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Status of Brits in Cyprus or of Cypriots in UK not expected to change

The UK will work closely with Cyprus as with the rest of the EU member states as part of negotiations to leave the bloc while protecting common values, British High Commissioner to Cyprus Matthew Kidd said on Friday.

Two days ago, the UK triggered Article 50 of the EU’s Lisbon Treaty, to leave the club it joined in 1973, as per popular demand, following last June’s referendum where 51.9 per cent of British voters opted to leave the EU.

Prime Minister Theresa May’s notice of the UK’s intention to leave the bloc under Article 50 was hand-delivered to EU Council President Donald in Brussels on Wednesday, triggering a two-year exit process.

“Today the president of the EU Council is starting the process of agreement between the 27, the guidelines from their side to define how negotiations will go,” Kidd said.

“We hope that we can all agree to make this a constructive negotiation in which all of us can decide how to continue to project and promote the European values we will continue to share, on the prosperity, and security that we will all want to continue to promote,” Kidd said.

The UK, he said, will be leaving the European Union but not Europe, and that means that shared values will continue to apply to both.

“Not leaving Europe also means continuing to value the bilateral relationships that we have with EU member states and with the rest of the world. That will mean attaching more value to some of the other groups and networks that we belong to, including the Commonwealth,” Kidd said.

He added that the British government hopes to make an early priority of the issues that will directly affect citizens and businesses and stressed the importance of trying to achieve clarity for them “as early in the process as we possibly can”.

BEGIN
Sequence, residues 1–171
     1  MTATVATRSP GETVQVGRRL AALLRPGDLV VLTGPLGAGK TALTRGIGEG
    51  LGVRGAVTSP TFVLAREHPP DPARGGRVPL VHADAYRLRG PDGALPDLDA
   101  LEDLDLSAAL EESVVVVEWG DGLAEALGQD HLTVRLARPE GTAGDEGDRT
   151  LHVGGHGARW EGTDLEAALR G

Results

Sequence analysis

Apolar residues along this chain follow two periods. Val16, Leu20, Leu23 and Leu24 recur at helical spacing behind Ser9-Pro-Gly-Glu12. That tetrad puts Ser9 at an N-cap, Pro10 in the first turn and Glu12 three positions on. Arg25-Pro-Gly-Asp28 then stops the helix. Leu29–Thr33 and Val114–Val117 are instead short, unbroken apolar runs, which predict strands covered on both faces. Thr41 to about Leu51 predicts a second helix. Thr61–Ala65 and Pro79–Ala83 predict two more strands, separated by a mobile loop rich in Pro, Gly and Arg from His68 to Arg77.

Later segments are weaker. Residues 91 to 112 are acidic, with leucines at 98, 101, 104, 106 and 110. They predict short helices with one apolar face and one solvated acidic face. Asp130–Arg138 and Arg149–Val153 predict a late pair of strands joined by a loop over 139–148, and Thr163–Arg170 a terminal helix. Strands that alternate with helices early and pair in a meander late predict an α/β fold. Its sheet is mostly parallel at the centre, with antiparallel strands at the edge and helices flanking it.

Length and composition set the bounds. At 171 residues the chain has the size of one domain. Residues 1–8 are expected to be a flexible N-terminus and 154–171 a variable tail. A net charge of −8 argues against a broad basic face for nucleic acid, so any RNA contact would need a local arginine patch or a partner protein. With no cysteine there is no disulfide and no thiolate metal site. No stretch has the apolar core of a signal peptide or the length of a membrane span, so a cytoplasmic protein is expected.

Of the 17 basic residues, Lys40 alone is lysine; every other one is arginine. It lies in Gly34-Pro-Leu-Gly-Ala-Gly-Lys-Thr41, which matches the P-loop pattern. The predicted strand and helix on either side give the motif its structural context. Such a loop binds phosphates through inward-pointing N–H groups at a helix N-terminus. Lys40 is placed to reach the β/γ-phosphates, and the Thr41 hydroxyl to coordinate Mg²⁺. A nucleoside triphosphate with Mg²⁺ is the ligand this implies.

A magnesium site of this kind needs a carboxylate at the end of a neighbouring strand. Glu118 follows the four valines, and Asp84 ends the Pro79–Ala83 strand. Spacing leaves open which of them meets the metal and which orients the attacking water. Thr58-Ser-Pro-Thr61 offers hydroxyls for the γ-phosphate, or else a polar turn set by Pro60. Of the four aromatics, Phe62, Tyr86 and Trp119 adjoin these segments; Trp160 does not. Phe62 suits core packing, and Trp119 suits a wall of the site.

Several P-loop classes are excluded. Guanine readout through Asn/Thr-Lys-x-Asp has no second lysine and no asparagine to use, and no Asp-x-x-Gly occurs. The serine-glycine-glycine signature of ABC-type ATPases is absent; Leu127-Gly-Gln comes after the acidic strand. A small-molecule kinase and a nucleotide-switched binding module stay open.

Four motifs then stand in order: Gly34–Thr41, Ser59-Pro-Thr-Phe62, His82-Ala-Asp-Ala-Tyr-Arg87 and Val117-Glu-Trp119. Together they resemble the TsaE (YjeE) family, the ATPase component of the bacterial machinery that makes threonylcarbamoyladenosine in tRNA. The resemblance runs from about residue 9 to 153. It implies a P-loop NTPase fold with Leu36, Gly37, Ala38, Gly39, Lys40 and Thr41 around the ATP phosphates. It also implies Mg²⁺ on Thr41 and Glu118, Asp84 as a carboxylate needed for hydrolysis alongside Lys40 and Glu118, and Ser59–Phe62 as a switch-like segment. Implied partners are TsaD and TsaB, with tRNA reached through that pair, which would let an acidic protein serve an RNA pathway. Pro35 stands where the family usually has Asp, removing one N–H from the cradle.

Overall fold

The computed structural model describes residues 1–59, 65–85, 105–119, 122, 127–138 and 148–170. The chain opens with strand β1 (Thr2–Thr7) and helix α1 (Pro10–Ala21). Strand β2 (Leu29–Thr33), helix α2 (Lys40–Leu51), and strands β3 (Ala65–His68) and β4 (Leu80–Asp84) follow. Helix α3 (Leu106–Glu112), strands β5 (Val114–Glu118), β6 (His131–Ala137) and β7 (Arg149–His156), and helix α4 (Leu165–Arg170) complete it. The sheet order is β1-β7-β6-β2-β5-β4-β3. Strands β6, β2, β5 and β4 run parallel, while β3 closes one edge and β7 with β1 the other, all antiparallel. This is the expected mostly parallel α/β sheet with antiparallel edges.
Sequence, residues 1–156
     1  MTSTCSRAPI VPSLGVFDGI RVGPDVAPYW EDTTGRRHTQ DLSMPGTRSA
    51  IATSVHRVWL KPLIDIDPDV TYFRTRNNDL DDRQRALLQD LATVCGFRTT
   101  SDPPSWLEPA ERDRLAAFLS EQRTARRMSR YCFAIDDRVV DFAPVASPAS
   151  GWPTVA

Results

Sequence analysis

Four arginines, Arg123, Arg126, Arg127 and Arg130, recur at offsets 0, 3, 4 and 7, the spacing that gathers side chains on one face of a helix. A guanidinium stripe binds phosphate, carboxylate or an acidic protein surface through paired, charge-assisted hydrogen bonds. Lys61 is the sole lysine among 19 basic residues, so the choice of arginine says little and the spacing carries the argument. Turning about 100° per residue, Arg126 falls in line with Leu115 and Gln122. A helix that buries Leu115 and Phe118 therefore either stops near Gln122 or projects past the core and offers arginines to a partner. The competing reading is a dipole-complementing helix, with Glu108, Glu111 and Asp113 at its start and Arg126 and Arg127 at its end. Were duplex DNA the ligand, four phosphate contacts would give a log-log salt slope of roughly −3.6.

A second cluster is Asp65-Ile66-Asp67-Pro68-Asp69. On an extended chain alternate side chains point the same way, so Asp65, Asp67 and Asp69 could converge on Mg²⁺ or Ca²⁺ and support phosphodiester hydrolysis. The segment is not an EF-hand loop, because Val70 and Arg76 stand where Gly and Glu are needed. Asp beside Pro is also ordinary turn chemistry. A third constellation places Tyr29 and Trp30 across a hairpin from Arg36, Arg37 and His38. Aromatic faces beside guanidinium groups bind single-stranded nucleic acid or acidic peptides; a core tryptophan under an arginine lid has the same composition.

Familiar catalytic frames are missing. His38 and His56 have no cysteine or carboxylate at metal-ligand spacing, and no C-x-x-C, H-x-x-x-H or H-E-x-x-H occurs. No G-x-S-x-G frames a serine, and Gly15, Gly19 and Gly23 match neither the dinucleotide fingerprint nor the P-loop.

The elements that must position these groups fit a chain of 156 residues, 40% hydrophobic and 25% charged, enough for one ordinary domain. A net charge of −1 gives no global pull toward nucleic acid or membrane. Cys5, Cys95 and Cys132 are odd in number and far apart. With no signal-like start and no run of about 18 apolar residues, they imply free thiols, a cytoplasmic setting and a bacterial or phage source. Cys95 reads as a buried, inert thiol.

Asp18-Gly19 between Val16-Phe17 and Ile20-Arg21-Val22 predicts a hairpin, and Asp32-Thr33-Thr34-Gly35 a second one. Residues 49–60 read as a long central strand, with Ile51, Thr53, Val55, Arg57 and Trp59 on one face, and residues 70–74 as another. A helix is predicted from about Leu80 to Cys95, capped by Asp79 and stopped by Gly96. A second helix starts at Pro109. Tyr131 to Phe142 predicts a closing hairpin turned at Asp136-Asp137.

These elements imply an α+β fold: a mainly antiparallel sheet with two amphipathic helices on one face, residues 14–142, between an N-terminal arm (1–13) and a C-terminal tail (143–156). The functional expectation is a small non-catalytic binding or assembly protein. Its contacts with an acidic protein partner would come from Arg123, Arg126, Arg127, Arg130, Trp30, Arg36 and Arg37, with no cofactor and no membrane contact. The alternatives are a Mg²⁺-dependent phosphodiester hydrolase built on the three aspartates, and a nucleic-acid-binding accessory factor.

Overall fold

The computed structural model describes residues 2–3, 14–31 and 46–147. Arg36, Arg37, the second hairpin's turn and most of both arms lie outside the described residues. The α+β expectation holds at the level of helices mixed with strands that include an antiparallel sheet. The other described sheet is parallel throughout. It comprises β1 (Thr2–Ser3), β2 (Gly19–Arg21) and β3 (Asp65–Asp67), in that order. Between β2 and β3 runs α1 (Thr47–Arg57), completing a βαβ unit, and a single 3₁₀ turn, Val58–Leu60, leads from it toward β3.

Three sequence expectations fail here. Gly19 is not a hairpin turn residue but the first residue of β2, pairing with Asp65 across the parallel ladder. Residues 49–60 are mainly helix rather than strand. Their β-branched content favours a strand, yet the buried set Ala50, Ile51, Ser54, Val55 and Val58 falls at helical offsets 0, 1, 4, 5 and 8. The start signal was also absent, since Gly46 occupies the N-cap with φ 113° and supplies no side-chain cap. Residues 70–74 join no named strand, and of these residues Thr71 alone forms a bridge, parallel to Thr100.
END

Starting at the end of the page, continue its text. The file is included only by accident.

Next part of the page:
As regards Cyprus, Kidd expressed his conviction that the negotiations matter a lot to the island due to the extent to which the country’s economy, population, education and other links are closely interlinked with those of the UK.

“So, we will want to work with Cyprus as part of developing our negotiating positions and because we do believe that the outcome can be and should be one which protects what currently exists which is of value to us and to them,” he said. This, he said, “can be reflected in some sort of new deep special partnership which doesn’t exist anywhere else in the world between any group of countries at the moment, but which will be able to be developed among the 28 of us because we start with so much in common that we will want to protect them and develop further”.

The status of British nationals living in Cyprus or of Cypriots living in the UK is not expected to change as it is based on bilateral agreements the two countries signed prior to the island’s EU accession. In addition, whatever is not covered by relations or treaties between UK, Cyprus and the EU, is covered by the World Trade Organisation’s agreements.

The status of the British military bases on the island is also not expected to change following the UK’s departure from the European Union. During his visit to the island last November, Foreign Secretary Boris Johnson said that he could see no change to the status of the British bases.

On Wednesday, the EU 27 included an arrangement on the situation of the EU citizens who live or work in the British bases in Cyprus, into the negotiation principles set up by the Council of Permanent Representatives and presented by European Council President Donald Tusk.
The provision calls for the recognition of Cyprus-UK agreements which are compatible with EU law, especially with regard to the situation of EU citizens who live or work in the Base Areas, under, paragraph “12” of “Chapter III” for the orderly withdrawal of the UK from the EU.
“The Union should agree with the United Kingdom on arrangements as regards the Sovereign Base Areas of the United Kingdom in Cyprus and recognise in that respect bilateral agreements and arrangements between the Republic of Cyprus and the United Kingdom which are compatible with EU law, in particular as regards the situation of those EU citizens resident or working in the Sovereign Base Areas,” it said.

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